New Awareness Campaign Highlights Concussion Concern Once Again
In September it was announced that Nathan White was retiring from professional rugby based on medical advice following a concussion injury. The Connacht and Ireland prop arrived in Dublin from his native New Zealand in 2012 to join up with Joe Schmidt at Leinster before moving onto Connacht the following year.
Prior to his injury against his former employers last March, White had established himself as a valued squad member in Schmidt’s Irish squads, garnering 13 caps in the space of eight months following his debut in August 2015. Sadly, he will not be adding to that tally.
The attritional nature of the professional game may be a joy for the public to behold but it has come at a cost. Between 2006 and 2012, Leinster duo Bernard Jackman and John Fogarty were the only professional rugby players to retire through concussion. However, in the past three years alone Craig Clarke, Declan Fitzpatrick, Kevin McLaughlin, David McSharry and now White have all suffered a similar fate.
When this is considered in isolation, it may seem that concussion is far more prevalent in the modern game. However, due to better education on the topic and heightened awareness of its signs and symptoms, players are now more likely than ever to take a sensible approach when dealing with brain injuries.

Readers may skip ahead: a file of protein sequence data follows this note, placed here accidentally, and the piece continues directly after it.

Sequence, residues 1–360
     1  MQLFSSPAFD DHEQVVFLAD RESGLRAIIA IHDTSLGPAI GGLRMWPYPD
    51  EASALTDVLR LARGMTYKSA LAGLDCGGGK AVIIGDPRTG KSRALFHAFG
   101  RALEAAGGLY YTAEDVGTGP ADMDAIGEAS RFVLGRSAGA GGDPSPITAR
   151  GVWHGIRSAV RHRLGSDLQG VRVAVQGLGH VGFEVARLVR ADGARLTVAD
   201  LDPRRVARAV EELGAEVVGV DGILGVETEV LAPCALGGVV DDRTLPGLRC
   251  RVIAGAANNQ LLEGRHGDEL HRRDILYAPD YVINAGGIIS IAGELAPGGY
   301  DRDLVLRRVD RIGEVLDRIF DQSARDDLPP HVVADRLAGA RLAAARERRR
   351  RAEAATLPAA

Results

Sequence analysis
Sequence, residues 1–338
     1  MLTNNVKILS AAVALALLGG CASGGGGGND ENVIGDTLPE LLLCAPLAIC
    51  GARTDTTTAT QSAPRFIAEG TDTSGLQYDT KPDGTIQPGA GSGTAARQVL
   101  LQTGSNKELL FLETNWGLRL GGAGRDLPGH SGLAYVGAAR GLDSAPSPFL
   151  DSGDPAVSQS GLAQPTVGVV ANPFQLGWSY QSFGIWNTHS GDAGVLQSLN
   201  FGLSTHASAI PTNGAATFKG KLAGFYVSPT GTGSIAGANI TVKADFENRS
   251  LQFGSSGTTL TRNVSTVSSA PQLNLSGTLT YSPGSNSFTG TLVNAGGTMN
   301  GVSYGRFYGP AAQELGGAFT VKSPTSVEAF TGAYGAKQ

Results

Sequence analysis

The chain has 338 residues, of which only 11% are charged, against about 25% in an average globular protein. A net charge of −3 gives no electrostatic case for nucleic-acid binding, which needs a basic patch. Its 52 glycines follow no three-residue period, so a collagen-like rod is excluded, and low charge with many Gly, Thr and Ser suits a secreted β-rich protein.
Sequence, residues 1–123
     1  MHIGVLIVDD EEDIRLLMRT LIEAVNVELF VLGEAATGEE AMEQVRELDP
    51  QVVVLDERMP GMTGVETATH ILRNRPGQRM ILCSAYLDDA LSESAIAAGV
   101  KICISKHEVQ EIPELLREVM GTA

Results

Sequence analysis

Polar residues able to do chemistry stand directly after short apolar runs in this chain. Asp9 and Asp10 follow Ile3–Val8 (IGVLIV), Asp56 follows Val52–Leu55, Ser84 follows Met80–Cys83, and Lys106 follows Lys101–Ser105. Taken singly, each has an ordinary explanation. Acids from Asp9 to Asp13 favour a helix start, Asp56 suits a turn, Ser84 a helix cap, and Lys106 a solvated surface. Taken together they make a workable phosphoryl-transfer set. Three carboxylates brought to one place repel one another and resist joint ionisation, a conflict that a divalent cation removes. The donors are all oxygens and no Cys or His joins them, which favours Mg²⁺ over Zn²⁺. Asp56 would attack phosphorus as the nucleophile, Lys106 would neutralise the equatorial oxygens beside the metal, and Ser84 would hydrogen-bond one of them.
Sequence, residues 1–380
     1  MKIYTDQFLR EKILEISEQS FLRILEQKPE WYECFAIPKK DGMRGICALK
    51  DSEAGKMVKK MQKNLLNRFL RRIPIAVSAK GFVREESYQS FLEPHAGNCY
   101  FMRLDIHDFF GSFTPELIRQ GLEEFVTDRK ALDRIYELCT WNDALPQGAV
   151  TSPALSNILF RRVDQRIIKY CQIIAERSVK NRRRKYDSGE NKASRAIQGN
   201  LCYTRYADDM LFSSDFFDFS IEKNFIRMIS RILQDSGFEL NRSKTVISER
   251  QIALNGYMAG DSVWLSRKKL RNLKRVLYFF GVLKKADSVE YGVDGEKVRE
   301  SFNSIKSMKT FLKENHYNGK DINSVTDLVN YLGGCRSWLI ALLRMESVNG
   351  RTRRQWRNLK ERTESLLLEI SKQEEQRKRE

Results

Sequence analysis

The rise in players retiring or taking long periods out of the game to recover from head injuries is a direct result of a more accepting culture within the game whereby players feel empowered to make the right decision for their health. Given the consequences of such trauma, rugby can no longer embrace those who make a heroic return to the field following a severe blow to the head. However, steps need to be taken to ensure that players are protected on a weekly basis and over the long term.
Headway, the brain injury services and support organisation, has teamed up with Ireland’s leading player GAA, soccer and rugby unions to launch Concussion Aware, a campaign in association with laya healthcare and LifeStyle Sports. The initiative is being backed by the likes of Irish captain Seamus Coleman, Dublin footballer Johnny Cooper, former Leinster rugby player Luke Fitzgerald and Donegal Ladies footballer Kate Keaney, and encourages coaches and athletes of all levels and ages to put their health to the fore and to remember, “If in doubt, sit it out.”